To develop a high-performance long-pulse plasma operation scenario on W7-X with an island divertor configuration in the upcoming campaign OP2, the impact of the toroidal current and the plasma beta on the magnetic topology, the scrape-off layer (SOL) plasma profiles and divertor power depositions have been investigated during the second divertor campaign OP 1.2. The measurements of the divertor heat loads showed a shift and spread of the strike-line due to the evolving toroidal current in agreement with the topology calculation . Consistency was also found between the calculated evolving magnetic topology and the plasma profiles measured by the multi-purpose manipulator (MPM) system [5-6]. Finite-beta (up to 5%) 3D equilibria for the three most important configurations of W7-X (“Standard”, “High-Iota”, “Low-Iota”) were obtained with the code HINT. The configurations were seen to have varying responses to finite beta, with high-iota showing large degrees of edge stochastization and low-iota showing a reduction of the island widths and an eventual transition to a limiter-like edge topology. The standard configuration (5/5 edge islands) is the most stable of the three analyzed configurations. The only observable modification of the heat-load distribution at moderate plasma beta is a toroidal shift of the heat-load inside the strike-line pattern on the vertical divertor plate. Only in the highest-beta scenarios (flat core, axis beta of 5%), approaching a volume-average beta of >3.5%, does a faint second strike-line structure appear on the divertor, as shown in figure 1. No significant heat-loads on PFCs outside the main divertor plate were observed in OP2-relevant configurations.
Active control of the redistribution of the divertor flux by the synergy of the supersonic-molecular-beam-injection (SMBI) and the 3D magnetic topology induced by the LHWs on EAST
The magnetic topology change induced by lower hybrid waves (LHWs) and its profound effects on the edge transport and stability has been investigated on EAST . Transport enhancement at the plasma edge during the application of LHWs has been identified during the ECRH modulation experiment. The time delay of the ECRH heat pulse propagating to the divertor plate decreased from 70 ms to 40 ms when the 2.45 GHz LHW was applied, and it dropped further to 20 ms when the 4.6 GHz LHW was switched on. The impact of the LHW-induced magnetic topology change on the heat flux distribution has been simulated by utilizing a self-consistent fluid 3D edge plasma Monte-Carlo code coupled to a kinetic neutral particle transport code (EMC3-EIRENE), and it agrees well with experimental observations . Furthermore, active control of the redistribution of the divertor flux has been developed by exploiting the synergy of the SMBI and the magnetic perturbations induced by the LHWs on EAST. To reveal the underlying physical mechanism, first simulations using the EMC3-EIRENE with good agreements to the experimental findings were performed . These simulations show that the ions and electrons originating from the ionization of injected neutral particles in the plasma edge flow along the magnetic flux tube towards the divertor, thus directly increasing the divertor flux on the split strike lines in the footprint. Combining this with the multi-lobe structure of the edge magnetic topology, active control of the divertor flux can be realized by adjusting the SMBI position or the phase of the magnetic perturbations.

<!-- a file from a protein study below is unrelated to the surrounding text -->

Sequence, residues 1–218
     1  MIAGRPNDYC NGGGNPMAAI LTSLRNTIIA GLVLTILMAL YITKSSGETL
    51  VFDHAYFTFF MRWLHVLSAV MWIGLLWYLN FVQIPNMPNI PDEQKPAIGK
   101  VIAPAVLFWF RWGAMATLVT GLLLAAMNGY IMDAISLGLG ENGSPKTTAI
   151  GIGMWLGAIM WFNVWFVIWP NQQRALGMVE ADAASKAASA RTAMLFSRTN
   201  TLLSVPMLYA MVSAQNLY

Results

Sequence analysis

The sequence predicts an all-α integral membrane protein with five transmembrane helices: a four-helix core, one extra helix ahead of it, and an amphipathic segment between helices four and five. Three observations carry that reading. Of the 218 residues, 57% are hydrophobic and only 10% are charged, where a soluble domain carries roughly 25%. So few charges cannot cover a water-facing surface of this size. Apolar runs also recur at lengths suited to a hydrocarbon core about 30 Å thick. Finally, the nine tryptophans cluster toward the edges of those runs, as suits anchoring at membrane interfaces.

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|Country or International Organization||Germany|
|Affiliation||Forschungszentrum Jülich GmbH|